To the Editors:

As published authors of divergent views on the assassination of President John F. Kennedy, we urge the Central Intelligence Agency and the Department of Defense to observe the spirit and letter of the 1992 JFK Assassination Records Act by releasing all relevant records on the activities of a career CIA operations officer named George E. Joannides, who died in 1990.

Joannides’s service to the US government is a matter of public record and is relevant to the Kennedy assassination story. In November 1963, Joannides served as the chief of the Psychological Warfare branch in the CIA’s Miami station. In 1978, he served as the CIA’s liaison to the House Select Committee on Assassinations (HSCA).

The records concerning George Joannides meet the legal definition of “assassination-related” JFK records that must be “immediately” released under the JFK Records Act. They are assassination-related because of contacts between accused assassin Lee Harvey Oswald and a CIA-sponsored Cuban student group that Joannides guided and monitored in August 1963.

Declassified portions of Joannides’s personnel file confirm his responsibility in August 1963 for reporting on the “propaganda” and “intelligence collection” activities of the Directorio Revolucionario Estudantil (DRE), a prominent organization known in the North American press as the Cuban Student Directorate.

George Joannides’s activities were assassination-related in at least two ways.

(1) In August 1963, Oswald attempted to infiltrate the New Orleans delegation of the DRE. The delegation—dependent on $25,000 a month in CIA funds provided by Joannides—publicly denounced Oswald as an unscrupulous sympathizer of Fidel Castro.

(2) After Kennedy was killed three months later, on November 22, 1963, DRE members spoke to reporters from The New York Times and other news outlets, detailing Oswald’s pro-Castro activities. Within days of the assassination, the DRE published allegations that Oswald had acted on Castro’s behalf.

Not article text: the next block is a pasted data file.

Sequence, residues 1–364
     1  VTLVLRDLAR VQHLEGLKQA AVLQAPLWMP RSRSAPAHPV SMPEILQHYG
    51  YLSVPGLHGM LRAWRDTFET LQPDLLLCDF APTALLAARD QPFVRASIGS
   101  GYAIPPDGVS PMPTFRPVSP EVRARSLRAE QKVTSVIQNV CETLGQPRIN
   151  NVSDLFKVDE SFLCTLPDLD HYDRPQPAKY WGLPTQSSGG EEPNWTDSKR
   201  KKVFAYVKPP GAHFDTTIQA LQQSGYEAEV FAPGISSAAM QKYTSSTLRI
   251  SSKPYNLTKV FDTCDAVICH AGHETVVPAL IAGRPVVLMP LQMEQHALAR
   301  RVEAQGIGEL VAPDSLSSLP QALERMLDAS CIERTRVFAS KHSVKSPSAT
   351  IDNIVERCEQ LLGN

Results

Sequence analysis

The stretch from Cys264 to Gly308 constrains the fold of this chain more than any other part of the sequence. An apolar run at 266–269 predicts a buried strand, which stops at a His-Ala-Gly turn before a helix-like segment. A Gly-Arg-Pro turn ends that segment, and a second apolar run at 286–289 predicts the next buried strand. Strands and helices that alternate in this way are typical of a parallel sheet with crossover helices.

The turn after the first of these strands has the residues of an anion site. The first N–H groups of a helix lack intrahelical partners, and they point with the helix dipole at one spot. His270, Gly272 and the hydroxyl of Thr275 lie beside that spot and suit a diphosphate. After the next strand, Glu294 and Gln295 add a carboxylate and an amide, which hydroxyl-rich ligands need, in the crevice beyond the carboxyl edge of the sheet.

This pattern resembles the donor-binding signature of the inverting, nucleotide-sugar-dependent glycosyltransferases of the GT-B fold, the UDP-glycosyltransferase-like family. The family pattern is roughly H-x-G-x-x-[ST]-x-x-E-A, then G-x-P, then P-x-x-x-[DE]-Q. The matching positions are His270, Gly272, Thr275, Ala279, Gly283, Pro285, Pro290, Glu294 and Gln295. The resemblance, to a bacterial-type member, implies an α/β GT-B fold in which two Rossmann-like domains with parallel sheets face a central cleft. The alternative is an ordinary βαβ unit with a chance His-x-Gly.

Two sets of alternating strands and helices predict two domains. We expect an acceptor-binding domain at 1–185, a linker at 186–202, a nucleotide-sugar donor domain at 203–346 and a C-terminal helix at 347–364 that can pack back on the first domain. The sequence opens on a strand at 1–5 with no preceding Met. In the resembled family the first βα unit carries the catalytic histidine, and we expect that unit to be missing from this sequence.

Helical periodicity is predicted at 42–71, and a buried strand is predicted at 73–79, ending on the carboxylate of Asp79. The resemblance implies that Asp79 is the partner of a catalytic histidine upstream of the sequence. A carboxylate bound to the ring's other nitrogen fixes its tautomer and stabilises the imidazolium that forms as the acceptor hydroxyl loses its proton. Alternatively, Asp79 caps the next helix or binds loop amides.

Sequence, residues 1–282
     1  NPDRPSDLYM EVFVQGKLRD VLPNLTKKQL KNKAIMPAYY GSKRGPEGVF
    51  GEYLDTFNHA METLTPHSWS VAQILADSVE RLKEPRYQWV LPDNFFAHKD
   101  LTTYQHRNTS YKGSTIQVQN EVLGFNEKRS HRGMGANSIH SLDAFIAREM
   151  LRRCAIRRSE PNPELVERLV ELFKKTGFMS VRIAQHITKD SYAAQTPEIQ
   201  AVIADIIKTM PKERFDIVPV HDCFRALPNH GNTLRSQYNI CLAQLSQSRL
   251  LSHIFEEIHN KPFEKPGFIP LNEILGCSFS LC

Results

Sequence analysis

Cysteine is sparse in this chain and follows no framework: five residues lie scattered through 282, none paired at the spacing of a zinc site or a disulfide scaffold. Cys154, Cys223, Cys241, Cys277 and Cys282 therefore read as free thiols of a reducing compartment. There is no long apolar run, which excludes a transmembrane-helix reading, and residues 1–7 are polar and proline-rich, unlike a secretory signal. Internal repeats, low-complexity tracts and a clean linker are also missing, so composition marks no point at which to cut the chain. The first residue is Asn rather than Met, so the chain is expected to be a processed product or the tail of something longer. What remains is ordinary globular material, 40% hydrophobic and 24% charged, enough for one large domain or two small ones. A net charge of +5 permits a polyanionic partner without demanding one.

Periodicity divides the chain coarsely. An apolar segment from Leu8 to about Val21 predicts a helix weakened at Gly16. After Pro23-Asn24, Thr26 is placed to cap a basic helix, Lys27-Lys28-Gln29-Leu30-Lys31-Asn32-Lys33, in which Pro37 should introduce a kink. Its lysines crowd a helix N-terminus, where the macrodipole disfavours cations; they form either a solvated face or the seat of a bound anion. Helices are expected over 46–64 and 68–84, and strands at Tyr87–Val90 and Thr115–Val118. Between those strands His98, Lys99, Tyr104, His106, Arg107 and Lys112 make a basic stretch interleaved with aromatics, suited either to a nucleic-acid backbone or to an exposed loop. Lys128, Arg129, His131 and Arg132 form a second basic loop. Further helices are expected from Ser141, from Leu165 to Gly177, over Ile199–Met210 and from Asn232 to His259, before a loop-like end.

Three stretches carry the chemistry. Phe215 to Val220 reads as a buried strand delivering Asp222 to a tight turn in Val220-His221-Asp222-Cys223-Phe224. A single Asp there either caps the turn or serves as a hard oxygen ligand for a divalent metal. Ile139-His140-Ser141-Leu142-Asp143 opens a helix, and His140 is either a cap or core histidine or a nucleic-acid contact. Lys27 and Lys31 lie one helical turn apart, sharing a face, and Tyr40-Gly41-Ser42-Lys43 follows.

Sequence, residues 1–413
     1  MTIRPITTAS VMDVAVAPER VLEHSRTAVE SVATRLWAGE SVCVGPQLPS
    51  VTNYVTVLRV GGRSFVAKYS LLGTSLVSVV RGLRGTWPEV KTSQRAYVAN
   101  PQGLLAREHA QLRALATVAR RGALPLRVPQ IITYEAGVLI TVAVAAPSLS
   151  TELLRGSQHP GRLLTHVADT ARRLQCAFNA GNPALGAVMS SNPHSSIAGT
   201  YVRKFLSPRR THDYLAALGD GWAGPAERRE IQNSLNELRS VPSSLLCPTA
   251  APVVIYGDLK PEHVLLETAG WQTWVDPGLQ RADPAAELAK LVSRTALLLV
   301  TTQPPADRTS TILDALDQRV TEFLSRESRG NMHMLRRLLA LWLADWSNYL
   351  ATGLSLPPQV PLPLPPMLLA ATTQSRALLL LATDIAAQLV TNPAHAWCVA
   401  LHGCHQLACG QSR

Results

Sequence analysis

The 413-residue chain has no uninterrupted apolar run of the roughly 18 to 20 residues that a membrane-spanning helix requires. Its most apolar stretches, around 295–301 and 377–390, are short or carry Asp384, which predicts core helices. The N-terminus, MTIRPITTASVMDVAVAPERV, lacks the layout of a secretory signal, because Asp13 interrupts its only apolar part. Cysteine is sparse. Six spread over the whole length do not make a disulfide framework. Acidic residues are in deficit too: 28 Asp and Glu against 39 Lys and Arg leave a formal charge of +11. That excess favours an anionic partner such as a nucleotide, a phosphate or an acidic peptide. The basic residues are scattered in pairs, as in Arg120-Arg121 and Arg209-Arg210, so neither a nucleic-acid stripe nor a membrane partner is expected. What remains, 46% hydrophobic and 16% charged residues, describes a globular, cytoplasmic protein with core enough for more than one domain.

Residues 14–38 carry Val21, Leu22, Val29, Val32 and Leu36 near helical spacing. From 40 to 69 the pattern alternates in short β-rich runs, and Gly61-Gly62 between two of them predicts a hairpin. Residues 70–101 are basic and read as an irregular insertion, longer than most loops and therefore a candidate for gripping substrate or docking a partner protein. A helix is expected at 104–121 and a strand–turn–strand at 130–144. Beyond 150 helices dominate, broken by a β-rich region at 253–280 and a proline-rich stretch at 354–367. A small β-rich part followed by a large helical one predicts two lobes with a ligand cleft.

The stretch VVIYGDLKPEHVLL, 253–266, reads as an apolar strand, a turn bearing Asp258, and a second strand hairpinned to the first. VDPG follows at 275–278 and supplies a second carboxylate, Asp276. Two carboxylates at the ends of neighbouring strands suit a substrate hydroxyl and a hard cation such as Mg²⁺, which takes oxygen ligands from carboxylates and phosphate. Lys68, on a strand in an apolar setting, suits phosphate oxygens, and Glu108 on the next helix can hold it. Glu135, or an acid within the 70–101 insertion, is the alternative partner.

The imperative of disclosure is heightened by the fact that the CIA has, in the past, failed to disclose George Joannides’s activities. In 1978, Joannides was called out of retirement to serve as the agency’s liaison to the House Select Committee on Assassinations. The agency did not reveal to the Congress his role in the events of 1963, compromising the committee’s investigation.

In 1998, the Agency again responded inaccurately to public inquiries about Joannides. The Agency’s Historic Review Office informed the JFK Assassination Records Review Board (ARRB) that it was unable to identify the case officer for the DRE in 1963. The ARRB staff, on its own, located records confirming that Joannides had been the case officer.

This is not a record that inspires public confidence or quells conspiracy-mongering. To overcome misunderstanding, the CIA and the Defense Department should make a diligent good-faith effort to identify and release any documents about George Joannides.

The government should make these records public in conjunction with the fortieth anniversary of the Kennedy assassination on November 22, 2003, so as to help restore public confidence and to demonstrate the agencies’ commitment to compliance with the JFK Assassination Records Act.

The law requires immediate disclosure, nothing less.

G. Robert Blakey
Former General Counsel
House Select Committee on Assassinations

Jefferson Morley
Also signed by:
Don DeLillo
Paul Hoch
Norman Mailer
Gerald Posner
Anthony Summers
Richard Whalen
and six others

This Issue

December 18, 2003